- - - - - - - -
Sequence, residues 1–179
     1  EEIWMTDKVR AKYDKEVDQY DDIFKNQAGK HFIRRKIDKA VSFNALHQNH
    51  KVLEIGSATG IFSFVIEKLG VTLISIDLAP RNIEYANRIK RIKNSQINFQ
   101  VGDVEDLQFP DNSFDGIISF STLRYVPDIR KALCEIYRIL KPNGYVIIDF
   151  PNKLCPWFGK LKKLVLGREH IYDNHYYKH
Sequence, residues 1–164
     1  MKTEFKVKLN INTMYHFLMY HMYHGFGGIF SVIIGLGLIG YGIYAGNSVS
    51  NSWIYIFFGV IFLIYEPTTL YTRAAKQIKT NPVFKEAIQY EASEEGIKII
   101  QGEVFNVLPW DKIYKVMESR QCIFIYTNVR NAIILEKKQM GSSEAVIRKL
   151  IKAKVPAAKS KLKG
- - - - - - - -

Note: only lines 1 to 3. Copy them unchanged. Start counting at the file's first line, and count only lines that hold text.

Sequence, residues 1–179
     1  EEIWMTDKVR AKYDKEVDQY DDIFKNQAGK HFIRRKIDKA VSFNALHQNH
    51  KVLEIGSATG IFSFVIEKLG VTLISIDLAP RNIEYANRIK RIKNSQINFQ